There had been a period of slightly better climate but the drought recurred beginning around 2200 BC. Southern Sumer, once the great food bowl and one of the most densely populated region on earth continued to lose land to salinisation and desertification.
The Neo-Sumerians tried to rehabilitate some of their failing cities and settlements by building temples and performing devotions, trying to regain the favour of the local Gods to ensure their blessings but despite their best efforts, land loss continued and Eridu, the oldest of their great settlement (not the first to become a city) was the first to be abandoned.
And the ‘barbarian’ threat was far from ended.
Ur-Namma who claimed to have ‘destroyed the Gutians’ by a punitive raids on their homeland, but the Gutians in their homeland proved to be a tougher proposition than evicting their last defeated remnants form Sumer.
Ur-Namma died on a later campaign against them (2095 BC) when his army was routed, leaving him isolated and out in the front.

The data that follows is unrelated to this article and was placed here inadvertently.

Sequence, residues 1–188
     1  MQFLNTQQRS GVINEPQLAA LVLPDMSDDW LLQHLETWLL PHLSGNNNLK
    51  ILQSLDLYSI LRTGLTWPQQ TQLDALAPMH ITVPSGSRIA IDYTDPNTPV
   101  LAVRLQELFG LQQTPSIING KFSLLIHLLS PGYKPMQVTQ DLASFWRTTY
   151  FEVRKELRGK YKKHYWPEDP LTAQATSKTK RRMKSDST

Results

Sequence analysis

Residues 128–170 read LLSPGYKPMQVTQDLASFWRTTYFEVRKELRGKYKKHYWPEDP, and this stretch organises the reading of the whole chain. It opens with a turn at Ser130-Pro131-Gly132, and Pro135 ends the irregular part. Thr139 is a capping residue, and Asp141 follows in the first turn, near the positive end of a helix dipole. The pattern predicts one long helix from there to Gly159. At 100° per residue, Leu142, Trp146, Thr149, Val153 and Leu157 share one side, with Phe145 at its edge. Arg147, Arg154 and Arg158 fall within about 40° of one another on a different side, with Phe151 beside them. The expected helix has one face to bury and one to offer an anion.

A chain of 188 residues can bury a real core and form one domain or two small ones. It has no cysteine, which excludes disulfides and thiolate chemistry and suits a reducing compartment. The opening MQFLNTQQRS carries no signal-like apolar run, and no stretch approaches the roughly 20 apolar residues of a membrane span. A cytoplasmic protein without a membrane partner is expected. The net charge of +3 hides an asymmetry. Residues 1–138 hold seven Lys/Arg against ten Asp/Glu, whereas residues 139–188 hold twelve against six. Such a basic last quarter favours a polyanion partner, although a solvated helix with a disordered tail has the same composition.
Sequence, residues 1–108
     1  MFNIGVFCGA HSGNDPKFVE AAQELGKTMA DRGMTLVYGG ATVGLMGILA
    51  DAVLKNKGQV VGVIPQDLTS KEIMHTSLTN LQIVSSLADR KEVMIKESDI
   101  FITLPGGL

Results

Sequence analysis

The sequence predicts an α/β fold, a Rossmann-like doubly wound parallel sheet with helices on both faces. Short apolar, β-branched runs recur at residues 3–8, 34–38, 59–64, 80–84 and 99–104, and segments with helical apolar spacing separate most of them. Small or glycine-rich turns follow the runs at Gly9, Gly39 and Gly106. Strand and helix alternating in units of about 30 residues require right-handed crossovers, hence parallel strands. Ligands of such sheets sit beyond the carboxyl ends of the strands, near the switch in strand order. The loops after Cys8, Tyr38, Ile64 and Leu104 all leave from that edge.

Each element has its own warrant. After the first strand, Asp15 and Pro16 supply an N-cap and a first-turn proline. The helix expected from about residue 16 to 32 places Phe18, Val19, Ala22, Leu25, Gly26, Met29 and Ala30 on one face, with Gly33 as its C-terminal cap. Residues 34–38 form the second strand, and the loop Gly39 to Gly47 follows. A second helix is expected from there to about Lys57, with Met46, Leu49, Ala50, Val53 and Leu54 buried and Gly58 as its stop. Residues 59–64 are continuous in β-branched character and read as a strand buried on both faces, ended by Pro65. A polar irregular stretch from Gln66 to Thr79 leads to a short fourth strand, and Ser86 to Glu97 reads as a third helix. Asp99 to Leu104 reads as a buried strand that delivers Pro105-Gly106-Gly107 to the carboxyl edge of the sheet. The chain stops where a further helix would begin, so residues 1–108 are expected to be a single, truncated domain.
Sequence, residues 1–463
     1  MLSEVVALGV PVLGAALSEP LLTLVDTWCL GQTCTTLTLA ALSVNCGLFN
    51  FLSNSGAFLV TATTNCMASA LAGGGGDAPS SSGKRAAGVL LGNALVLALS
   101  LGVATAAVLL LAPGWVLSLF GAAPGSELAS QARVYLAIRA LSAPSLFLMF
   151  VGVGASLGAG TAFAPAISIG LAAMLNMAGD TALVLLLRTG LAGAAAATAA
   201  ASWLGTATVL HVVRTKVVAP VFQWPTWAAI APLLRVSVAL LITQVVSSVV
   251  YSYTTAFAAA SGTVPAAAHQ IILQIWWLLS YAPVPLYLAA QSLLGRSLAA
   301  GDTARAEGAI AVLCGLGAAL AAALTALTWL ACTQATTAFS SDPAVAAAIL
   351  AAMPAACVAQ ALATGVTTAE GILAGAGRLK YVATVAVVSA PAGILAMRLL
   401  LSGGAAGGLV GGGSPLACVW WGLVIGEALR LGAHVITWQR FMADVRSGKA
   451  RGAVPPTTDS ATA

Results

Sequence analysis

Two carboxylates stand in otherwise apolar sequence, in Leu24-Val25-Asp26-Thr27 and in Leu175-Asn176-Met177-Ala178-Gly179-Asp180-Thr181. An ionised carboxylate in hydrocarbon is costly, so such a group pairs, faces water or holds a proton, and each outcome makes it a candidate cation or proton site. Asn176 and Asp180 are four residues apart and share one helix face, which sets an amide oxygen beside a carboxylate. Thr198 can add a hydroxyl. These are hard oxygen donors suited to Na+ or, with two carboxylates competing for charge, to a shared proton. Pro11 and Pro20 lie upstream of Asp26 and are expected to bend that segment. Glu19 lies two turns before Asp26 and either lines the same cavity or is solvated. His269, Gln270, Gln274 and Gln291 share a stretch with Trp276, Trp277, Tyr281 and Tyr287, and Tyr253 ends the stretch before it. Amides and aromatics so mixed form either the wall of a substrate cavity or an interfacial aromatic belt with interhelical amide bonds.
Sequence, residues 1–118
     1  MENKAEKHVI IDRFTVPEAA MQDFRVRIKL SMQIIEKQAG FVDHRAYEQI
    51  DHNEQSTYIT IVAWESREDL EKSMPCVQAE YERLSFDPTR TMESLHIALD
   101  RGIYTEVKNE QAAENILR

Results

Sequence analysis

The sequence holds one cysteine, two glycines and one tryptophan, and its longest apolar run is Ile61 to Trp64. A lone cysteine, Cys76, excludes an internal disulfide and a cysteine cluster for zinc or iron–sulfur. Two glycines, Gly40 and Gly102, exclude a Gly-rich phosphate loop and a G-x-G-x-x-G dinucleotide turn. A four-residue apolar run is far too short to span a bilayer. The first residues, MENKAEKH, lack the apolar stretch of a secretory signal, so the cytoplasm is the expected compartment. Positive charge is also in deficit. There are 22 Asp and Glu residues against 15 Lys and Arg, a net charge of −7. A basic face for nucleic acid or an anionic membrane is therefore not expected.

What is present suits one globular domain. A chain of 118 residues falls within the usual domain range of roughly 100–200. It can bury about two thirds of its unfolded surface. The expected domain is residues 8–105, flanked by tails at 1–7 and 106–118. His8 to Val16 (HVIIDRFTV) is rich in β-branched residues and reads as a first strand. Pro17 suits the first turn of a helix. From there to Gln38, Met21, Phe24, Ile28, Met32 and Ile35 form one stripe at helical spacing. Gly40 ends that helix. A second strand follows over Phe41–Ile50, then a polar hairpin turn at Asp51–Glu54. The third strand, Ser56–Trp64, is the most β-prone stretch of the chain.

And the Gutians were not the only of the Zagros hill tribes to attack the Neo-Sumerians. Around 2088 and 2031 a vast confederation of Hill tribes from a little further north to the Gutians ‘rose like locusts’ to attack Sumer.
But if the Gutians were the scourge of the Akkadians, it was the Amorites who were the scourge of the Neo-Sumerians.
The Hebrew name ‘Amorite’, the Akkadian Amurrūm (transliterated as MAR.TU) and the Sumerian Tidnum all mean ‘westerners’. They were related to the Arameans of later history and spoke an early version of Aramaic, a language similar to Hebrew.